February 08, 2009

Don't Blink

Situated in the center of Skopje, on a small street between two of the city's largest boulevards and adjacent to the Russian Embassy, is the Hotel Ambassador. It rises seven stories and from its balconies guests have a nice view of Saint Kliment Ohrid Church and lots and lots of concrete. The Ambassador's exterior is adorned with statues--all sorts of classical statues which, according to the hotel's website, "symbolize the MACEDONIAN PEOPLE'S past, present and future" (emphasis theirs, not mine). But that doesn't explain the presence of what is a very clear likeness of the Statue of Liberty on the roof. Is Macedonia applying for admission to the European Union, or is becoming the 51st state in the cards? Give me your tired, your poor, your geographically confused.

I mention the Hotel Ambassador because it was the site of last week's mid-service conference for all PCVs in our group. Actually, we have about ten months to go, so I guess that whole "mid-service" thing is the weight before cooking. Jillian and I had a room on the fourth floor and every time we climbed the stairs to our room we passed a white plaster statue of some long-forgotten Communist, posing in that classic I'm-rotund-while-my-fellow-citizens-struggle-to-feed-their-families kind of stance. His suit just screams "politburo." 

I don't mean to sound harsh on the Ambassador; aside from some comical decor, it was a very pleasant place to stay--clean and roomy with fairly good meals. And its central location made it an ideal place for our conference which, let's be honest, was a really great social event bracketed by some official sessions and meetings. The point of the conference was to take stock of where we stand, to count our successes, assess our shortcomings and prepare for the homestretch. 

With everything we're involved with--planning summer camps, the Roma center, adult English classes, the Great College Quest with Tina and Bube--it's a bit difficult to think about the end. Jillian and I are planning our departure in mid-November and yet that doesn't feel like enough time to finish everything. This is especially true at the Roma center, where we're only now shifting things into the next gear and preparing the grant application (much more on the situation there soon). Everything else should be wrapped up by the end of August, which means an ultra-busy spring and summer, followed by a few months of tying up loose ends and preparing for departure.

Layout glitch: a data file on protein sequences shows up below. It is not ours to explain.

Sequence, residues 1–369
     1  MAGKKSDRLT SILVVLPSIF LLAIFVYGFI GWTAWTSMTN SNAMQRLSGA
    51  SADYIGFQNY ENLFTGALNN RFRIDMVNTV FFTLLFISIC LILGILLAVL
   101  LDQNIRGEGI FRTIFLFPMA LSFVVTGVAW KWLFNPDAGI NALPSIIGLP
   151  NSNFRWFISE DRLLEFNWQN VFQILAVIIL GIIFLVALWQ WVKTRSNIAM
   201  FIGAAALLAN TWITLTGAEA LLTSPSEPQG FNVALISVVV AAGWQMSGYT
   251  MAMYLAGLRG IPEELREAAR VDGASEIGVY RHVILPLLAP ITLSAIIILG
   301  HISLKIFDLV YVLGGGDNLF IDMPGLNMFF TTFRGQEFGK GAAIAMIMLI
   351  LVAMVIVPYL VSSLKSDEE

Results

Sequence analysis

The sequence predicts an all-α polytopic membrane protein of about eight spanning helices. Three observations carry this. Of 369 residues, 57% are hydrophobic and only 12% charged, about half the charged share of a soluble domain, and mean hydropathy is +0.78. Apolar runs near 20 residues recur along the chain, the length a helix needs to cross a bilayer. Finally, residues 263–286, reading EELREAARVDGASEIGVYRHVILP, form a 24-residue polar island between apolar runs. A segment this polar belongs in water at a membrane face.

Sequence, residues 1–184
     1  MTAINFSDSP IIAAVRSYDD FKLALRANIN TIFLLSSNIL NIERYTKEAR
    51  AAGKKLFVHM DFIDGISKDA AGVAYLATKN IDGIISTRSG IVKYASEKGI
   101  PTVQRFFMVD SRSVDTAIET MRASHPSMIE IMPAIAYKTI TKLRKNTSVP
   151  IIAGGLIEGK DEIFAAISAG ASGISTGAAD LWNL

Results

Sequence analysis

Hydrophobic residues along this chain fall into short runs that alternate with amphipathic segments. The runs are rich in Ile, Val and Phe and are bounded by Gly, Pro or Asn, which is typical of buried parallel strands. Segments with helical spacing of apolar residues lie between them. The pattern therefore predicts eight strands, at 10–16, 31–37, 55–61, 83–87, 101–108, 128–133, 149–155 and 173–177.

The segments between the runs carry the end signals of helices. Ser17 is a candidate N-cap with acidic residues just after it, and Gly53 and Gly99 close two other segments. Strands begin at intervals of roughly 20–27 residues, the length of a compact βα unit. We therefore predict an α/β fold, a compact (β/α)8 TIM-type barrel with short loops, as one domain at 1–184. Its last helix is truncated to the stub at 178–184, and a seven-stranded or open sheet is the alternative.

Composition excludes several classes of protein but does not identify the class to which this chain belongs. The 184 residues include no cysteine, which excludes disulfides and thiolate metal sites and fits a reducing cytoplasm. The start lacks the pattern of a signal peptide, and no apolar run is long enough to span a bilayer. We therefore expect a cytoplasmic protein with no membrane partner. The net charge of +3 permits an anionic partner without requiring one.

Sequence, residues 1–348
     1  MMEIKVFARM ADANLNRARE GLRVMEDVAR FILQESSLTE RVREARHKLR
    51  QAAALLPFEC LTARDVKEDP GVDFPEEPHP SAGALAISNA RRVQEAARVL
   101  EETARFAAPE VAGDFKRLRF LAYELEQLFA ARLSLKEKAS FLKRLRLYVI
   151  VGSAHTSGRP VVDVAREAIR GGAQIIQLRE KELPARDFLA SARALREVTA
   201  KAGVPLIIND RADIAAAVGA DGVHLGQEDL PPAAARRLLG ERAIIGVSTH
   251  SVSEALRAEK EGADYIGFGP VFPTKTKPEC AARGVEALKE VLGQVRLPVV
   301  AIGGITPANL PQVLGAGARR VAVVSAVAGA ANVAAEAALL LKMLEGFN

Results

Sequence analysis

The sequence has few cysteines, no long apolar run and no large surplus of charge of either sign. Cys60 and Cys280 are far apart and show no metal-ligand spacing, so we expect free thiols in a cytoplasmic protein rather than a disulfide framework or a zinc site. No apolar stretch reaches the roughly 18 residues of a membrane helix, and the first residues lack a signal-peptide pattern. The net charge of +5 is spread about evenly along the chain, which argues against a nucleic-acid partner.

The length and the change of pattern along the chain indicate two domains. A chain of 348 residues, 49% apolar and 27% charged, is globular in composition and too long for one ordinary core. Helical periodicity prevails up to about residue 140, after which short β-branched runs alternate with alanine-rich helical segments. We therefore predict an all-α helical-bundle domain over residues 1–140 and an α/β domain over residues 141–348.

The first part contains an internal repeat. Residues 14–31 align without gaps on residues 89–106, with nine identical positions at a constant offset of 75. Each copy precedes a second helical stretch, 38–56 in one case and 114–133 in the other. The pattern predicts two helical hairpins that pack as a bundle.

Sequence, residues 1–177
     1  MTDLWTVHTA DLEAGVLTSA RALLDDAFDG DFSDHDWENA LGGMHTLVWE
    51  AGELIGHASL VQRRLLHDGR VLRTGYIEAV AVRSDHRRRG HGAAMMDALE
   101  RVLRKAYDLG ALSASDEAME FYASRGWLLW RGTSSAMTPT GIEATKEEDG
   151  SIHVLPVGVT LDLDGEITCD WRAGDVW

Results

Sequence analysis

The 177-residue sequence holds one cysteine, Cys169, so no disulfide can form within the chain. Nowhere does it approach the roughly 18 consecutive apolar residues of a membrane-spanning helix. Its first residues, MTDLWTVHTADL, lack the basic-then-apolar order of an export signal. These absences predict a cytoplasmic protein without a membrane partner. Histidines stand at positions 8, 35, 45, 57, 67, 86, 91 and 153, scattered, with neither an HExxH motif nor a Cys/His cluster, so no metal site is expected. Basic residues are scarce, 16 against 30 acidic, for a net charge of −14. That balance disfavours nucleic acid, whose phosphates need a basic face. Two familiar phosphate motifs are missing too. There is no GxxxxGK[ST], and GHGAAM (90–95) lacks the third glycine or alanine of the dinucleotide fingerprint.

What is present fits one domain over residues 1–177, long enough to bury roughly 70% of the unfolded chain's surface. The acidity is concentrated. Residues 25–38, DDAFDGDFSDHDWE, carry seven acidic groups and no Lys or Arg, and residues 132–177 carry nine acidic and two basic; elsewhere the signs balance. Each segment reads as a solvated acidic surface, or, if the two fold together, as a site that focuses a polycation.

During our conference we were lead in an activity meant to highlight our accomplishments, insights, plans and the many people we've met during our stay in Macedonia. Owing to this activity's artistic bent (lots of drawing and plotting) I've almost entirely blocked it from my memory, repressed it, banished it to the trauma ward of my brain. But Jillian, whose product looked like something that might be hung in the Smithsonian, ensures me that the activity was a really brilliant way to not only recognize our own efforts, but also those of our peers, many of whom we really don't keep tabs on. Our group--down to 32 volunteers from an initial 43--is a really solid collection doing some really great things around Macedonia in the schools, NGOs and municipalities.

But the closing credits are still some time off. We may be past the mid-service point, but it just feels now like we're hitting our stride, something we were warned about over a year ago. "No sooner will you find yourself busy," volunteers told us, "than it'll be time to go home." Well then, as some else said: Hi ho, hi ho, it's off to work we go. 

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